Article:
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Somewhere to Turn Mental Health Support Group

S2T is a project launched by South East and Central Essex Mind (SECE MIND), a mental health charity providing a range of services in the community for those with mental health difficulties. Whilst SECE MIND is affiliated to national Mind, it is a completely separate charity and as such, responsible for raising the funds needed to fulfil the services they offer. Although the Somewhere to Turn project covers only part of Essex, do read on if you are based elsewhere in the UK because there may be a similar project near you.

SECE MIND services include supported housing, counselling and support services to those living in Southend, Chelmsford, Castle Point and Rochford. More recently, the charity has developed Somewhere to Turn, as an enhancement to existing services, by providing mental health advice, information and support to those who need it through a new online peer support group.

Elysia is a volunteer on the Somewhere to Turn service. Here she explains her personal experience of the project, how it benefits people with mental health issues, their loved ones and carers, and a shout out for anyone who might also be interested in volunteering:

So I’ve been working with MIND for a couple of years now and started as a volunteer on the Somewhere to Turn service (S2T) which as the name suggests, provides support to those who aren’t sure where to go, what to do or what to talk to. The service initially was based in our Jubilee Centre in Southend which offered a space for people to phone, email or drop-in, if they needed information or advice relating to mental health, however now Somewhere to Turn operates virtually on Facebook.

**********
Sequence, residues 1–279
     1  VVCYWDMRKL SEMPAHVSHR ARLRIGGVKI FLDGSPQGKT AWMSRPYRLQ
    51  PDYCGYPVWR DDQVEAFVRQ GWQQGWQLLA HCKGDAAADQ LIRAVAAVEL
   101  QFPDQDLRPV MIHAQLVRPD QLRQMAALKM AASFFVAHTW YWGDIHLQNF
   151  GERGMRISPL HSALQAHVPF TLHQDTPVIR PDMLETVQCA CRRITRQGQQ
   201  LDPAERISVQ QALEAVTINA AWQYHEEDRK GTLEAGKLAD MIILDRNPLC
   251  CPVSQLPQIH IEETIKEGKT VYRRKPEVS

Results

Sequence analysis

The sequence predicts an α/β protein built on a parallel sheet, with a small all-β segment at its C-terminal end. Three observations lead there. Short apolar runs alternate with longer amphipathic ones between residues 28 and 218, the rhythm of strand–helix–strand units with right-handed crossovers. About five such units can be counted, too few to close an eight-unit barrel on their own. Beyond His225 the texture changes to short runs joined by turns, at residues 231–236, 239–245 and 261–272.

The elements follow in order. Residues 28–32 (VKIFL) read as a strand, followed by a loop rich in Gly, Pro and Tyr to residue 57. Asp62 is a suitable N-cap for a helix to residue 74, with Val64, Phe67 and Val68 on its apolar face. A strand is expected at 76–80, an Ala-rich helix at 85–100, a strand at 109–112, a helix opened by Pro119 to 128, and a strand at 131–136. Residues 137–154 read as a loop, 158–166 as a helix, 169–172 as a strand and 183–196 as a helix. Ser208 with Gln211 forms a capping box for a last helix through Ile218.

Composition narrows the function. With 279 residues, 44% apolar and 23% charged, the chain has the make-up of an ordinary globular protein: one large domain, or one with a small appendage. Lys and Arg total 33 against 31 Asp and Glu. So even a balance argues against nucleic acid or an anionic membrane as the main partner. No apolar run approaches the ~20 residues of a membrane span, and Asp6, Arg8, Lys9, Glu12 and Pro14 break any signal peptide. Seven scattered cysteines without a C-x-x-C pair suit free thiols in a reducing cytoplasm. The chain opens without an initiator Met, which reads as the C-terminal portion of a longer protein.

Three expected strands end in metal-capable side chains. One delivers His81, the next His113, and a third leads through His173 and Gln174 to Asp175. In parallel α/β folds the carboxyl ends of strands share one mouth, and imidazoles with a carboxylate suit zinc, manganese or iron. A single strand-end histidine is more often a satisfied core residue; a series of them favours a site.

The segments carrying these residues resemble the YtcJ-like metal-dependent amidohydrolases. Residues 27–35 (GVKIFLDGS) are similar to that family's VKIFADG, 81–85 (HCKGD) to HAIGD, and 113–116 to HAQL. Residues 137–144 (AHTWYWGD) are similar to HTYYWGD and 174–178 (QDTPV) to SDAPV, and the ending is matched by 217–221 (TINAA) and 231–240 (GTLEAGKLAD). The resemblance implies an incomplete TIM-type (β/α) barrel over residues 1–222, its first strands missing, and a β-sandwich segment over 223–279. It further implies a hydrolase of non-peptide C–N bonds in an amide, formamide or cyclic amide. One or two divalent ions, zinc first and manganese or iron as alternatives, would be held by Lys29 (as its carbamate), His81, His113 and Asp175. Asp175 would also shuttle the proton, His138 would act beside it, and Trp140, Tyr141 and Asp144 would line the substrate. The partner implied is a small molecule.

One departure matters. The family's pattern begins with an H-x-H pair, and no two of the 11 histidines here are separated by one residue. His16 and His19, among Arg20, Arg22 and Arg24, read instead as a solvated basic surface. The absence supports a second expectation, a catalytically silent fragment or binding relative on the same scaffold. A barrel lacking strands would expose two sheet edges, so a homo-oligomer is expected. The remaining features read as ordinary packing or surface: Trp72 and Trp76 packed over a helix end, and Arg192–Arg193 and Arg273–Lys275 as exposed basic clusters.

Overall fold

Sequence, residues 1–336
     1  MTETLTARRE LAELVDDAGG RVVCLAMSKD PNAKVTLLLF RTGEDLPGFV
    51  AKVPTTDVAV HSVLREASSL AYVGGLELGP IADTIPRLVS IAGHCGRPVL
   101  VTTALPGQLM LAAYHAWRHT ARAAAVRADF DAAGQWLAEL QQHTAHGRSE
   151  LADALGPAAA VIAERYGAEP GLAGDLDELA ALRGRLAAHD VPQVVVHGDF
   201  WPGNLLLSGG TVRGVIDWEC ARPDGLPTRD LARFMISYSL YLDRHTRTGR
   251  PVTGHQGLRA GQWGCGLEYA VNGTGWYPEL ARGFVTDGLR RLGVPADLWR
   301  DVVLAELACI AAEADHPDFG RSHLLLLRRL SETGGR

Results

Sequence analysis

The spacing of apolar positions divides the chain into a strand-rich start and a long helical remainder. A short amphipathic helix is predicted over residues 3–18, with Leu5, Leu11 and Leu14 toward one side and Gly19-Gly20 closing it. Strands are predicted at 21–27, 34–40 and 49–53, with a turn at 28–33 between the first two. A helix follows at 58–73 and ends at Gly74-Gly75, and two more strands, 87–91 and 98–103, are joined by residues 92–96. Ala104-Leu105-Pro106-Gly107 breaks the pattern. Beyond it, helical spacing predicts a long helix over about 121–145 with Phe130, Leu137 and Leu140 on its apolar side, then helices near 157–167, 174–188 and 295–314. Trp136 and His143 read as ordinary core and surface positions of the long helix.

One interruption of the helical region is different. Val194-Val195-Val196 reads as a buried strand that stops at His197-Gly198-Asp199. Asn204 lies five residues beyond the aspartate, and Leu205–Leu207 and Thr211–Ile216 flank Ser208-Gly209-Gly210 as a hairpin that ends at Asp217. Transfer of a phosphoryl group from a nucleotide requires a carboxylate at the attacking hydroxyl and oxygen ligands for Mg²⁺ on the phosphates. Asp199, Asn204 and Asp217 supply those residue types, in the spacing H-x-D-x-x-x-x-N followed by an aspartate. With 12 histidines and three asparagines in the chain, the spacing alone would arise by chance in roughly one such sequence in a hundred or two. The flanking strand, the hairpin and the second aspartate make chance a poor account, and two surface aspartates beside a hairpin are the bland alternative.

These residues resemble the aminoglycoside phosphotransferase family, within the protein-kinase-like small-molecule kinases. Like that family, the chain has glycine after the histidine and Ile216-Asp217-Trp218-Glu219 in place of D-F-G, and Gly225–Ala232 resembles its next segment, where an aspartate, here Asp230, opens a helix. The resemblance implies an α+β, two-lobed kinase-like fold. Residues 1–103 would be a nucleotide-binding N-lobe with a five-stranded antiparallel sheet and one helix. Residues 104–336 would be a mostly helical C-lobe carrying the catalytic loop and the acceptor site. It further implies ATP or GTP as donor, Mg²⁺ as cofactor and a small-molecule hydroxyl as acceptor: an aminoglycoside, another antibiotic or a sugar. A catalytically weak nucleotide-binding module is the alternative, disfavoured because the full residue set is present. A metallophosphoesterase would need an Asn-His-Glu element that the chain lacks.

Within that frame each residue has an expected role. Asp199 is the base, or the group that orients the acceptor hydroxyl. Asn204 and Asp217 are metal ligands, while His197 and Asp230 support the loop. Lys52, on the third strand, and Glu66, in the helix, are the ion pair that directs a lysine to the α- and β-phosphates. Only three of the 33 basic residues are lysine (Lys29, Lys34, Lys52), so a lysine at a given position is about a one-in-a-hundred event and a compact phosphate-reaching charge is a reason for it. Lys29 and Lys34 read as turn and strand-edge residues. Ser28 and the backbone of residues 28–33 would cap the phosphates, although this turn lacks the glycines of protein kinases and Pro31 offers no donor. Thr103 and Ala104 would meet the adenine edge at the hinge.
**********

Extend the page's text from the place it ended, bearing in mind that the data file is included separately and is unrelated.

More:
A safe, non-judgmental support group

The S2T service helps navigate people through mental health by signposting people to suitable organisations both locally and nationally. Not only this but it gives people a space to speak and to be heard and really listened to – without fear of judgement.

Although mental health is becoming more understood, awareness is increasing and more conversations are being had around these various issues – there is unfortunately a stigma that is still present in some places. Some do not have support networks where they feel safe discussing what they are feeling or thinking and so feel misunderstood, isolated or confused. The S2T group is a form of support where people can feel safe to ask questions, have discussions and share their own experiences in relation to mental health and wellbeing.

The early days of Somewhere to Turn

In S2T’s earlier days, we would work with a wide range of service-users and found it was not just those who were struggling themselves with mental health but also people who wanted to know more and better understand for the sake of another who was struggling, perhaps a friend or family member. They wanted to know how they could help their best-friend or daughter or brother to cope. Often, people simply didn’t know the options available to them in getting treatment or further support for mental health.